Why You Should Do Your Taxes by Hand—at Least Once
The majority of Americans don’t do their own taxes, according to the Internal Revenue Service, but instead get help from professional accountants, friends or relatives, or software programs.
Even with all that assistance, however, no one is happy: 27% of responders to a WalletHub survey reported that they’d be willing to get an “IRS” tattoo if it meant never again having to deal with the tax man. Without the outside help that millions of Americans pay for, these numbers would be higher.
But picking up (or printing out) the Form 1040 and doing it the old-fashioned way has some benefits that are worth reaping. And contrary to popular belief, it's something an ordinary citizen can do—and probably should, at least once. Here's why.
It's a great way to actually understand your taxes
Keeping taxes at arm's length is a great way to avoid learning anything about your taxes or the system in general. If you're like many Americans, you have only a vague understanding, picked up piecemeal from news headlines and those brief moments before you put away your paycheck and try to forget the gaping disparity between your "salary" and the amount that lands in your bank account every other week.
Using a program like TurboTax sheds a little light on the process. You'll glean some nuggets about what's deductible and what isn't. But for the most part, these programs are a black box: You put in your numbers and out pops a refund—or a bill. Even the act of inputting numbers from your W-2—that is, if your software doesn't pull that information directly from your employer—is a swift copy-and-paste job, box 12 to box 12, unlikely to give you a sense of what those numbers mean.
By contrast, sitting down with the Form 1040 and its many line items and schedules forces you to understand the mechanics. Many people don't understand marginal tax rates, for example, believing that your tax "bracket" is the amount you pay on all your income, not just the amount above the previous threshold. Working directly with the tax tables swiftly dispels this common misunderstanding.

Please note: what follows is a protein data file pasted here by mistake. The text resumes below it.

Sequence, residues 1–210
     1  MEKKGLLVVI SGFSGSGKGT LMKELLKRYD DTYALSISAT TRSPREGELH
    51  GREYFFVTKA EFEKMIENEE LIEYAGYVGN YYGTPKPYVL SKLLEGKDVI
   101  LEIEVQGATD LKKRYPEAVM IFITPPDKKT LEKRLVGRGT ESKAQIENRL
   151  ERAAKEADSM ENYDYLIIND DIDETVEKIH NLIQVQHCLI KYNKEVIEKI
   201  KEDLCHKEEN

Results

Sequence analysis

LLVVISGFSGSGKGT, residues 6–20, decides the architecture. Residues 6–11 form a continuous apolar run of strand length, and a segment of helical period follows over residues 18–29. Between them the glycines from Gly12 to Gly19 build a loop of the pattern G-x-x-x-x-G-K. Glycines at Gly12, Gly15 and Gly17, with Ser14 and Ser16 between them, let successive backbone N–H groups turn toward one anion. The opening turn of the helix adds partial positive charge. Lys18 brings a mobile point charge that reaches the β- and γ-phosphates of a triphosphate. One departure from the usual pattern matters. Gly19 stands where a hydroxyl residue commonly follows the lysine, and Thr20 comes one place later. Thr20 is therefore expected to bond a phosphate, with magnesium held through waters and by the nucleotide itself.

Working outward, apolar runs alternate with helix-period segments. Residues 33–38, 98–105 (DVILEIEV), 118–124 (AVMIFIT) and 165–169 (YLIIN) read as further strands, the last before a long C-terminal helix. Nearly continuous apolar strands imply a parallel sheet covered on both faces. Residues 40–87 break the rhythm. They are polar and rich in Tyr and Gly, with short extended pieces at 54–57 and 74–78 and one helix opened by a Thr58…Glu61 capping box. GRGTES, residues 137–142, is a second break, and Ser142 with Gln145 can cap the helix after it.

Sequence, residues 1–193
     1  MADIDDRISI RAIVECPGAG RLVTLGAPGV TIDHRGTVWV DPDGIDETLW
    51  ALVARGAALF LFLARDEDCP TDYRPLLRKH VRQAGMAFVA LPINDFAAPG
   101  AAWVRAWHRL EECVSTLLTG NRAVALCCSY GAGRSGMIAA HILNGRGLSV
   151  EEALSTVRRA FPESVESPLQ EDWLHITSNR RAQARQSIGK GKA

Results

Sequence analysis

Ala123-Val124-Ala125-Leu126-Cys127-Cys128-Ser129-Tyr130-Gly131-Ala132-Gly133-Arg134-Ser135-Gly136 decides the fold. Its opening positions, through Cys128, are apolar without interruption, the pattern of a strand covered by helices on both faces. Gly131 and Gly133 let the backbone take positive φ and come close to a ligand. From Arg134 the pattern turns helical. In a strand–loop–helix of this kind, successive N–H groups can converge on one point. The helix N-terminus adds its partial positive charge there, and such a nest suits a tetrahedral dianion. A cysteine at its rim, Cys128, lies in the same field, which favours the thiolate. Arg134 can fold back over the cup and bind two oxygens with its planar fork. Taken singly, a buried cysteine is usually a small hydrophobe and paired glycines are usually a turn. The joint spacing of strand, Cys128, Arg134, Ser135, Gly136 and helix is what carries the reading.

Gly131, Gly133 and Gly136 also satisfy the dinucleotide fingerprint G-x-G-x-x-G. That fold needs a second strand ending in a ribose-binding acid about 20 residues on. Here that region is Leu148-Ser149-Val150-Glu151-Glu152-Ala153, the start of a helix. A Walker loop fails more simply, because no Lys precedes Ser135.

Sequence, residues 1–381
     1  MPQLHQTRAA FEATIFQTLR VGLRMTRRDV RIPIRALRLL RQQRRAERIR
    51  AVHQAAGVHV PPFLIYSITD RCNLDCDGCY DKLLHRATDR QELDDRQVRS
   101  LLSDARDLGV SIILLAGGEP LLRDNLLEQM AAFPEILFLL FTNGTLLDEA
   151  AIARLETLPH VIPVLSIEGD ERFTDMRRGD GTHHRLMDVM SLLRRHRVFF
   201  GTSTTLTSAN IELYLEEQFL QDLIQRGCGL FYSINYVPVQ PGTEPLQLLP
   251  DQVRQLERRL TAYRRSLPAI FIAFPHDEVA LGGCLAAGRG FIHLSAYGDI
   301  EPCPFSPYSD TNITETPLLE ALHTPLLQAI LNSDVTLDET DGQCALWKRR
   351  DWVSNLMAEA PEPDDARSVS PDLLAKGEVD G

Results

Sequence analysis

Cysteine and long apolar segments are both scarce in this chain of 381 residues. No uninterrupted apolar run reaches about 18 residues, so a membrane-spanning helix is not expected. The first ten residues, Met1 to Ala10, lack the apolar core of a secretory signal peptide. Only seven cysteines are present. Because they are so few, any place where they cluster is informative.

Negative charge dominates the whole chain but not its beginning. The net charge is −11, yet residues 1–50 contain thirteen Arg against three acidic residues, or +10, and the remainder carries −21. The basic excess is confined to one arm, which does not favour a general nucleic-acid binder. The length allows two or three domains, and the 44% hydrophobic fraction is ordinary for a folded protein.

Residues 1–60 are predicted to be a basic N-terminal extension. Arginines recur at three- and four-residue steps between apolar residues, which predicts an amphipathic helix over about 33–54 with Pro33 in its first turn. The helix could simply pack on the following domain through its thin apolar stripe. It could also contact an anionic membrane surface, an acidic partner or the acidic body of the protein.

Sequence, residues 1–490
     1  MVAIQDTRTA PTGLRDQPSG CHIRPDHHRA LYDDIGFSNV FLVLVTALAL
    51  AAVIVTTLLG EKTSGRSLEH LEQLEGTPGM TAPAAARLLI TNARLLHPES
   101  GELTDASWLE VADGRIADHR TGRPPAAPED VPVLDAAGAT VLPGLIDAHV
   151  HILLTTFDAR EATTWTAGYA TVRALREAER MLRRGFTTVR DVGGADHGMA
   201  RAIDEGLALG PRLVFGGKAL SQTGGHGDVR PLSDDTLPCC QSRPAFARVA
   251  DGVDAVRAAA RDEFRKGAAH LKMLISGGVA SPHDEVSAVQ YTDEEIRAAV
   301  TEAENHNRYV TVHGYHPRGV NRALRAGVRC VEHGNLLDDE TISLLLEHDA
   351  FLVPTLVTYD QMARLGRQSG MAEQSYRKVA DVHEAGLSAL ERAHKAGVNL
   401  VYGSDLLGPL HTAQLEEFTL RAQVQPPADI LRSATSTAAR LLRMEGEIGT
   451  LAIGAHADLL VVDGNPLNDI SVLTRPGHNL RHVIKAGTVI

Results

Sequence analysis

There are plenty of other examples, as well—how deductions reduce your tax liability; why a tax credit is better than an equivalent deduction. Such knowledge can potentially save money in future years.
And if that sounds like a good thing, know this: Studies show that deeper interactions, and in particular writing things down by hand, lead to better understanding, learning, and memory.
You won't be contributing to tax complexity
Spending $30, $50, or even $90 for a software program to do your taxes, or $150 to have a human to do it, may seem like a small price to avoid the exquisite torture of doing your taxes by hand. But did you know that some of that money is being spent to keep the tax code complex?
In 2013, a ProPublica report showed that Intuit, TurboTax's parent company, has lobbied extensively against simplifying and improving filing methods, which would obviously hurt its business. Similarly, as this article by Vox's Dylan Matthews points out, H&R Block successfully lobbied the Senate Appropriations Committee to instruct the IRS to "at least quadruple" the length of the form you have to fill out to get the Earned Income Tax Credit.
Matthews, who recently announced he was boycotting TurboTax, also notes that complicated tax filing isn't universal across the world. Many other countries have far easier filing systems, including some in which taxpayers receive pre-populated tax returns that require little beyond a signature. In fact, your employer already tells the IRS how much you make. The agency could easily send you a form to sign. Taxes, like death, may be one of life's few certainties—but Ben Franklin never said you had to pay a third party to do yours.
It gives you a legitimate right to complain
Everybody complains about doing their taxes. But complaining about it without staring down a 1040 and a stack of 1099s is like complaining about Batman v. Superman without having seen it. You're not wrong. You just don't really know why you're right—or how right you are. Maybe the problem is exaggerated; maybe not.
But actually doing them yourself, at least once, turns your vague and toothless criticism sharp and legitimate.
Having more of a right to complain is a pretty soft benefit, to be sure. But there's actual utility in having informed and sharpened criticism. For example, during presidential debate season, candidates audition their tax plans, many of which include things like shutting down the IRS. A person with a vague, second-hand dislike of the IRS's methods might support scrapping the agency that collects government revenue.
On the other hand, someone who has suffered through the process first-hand would easily see that the idea unhelpfully attacks the wrong part of the process and advocates for the wrong reform.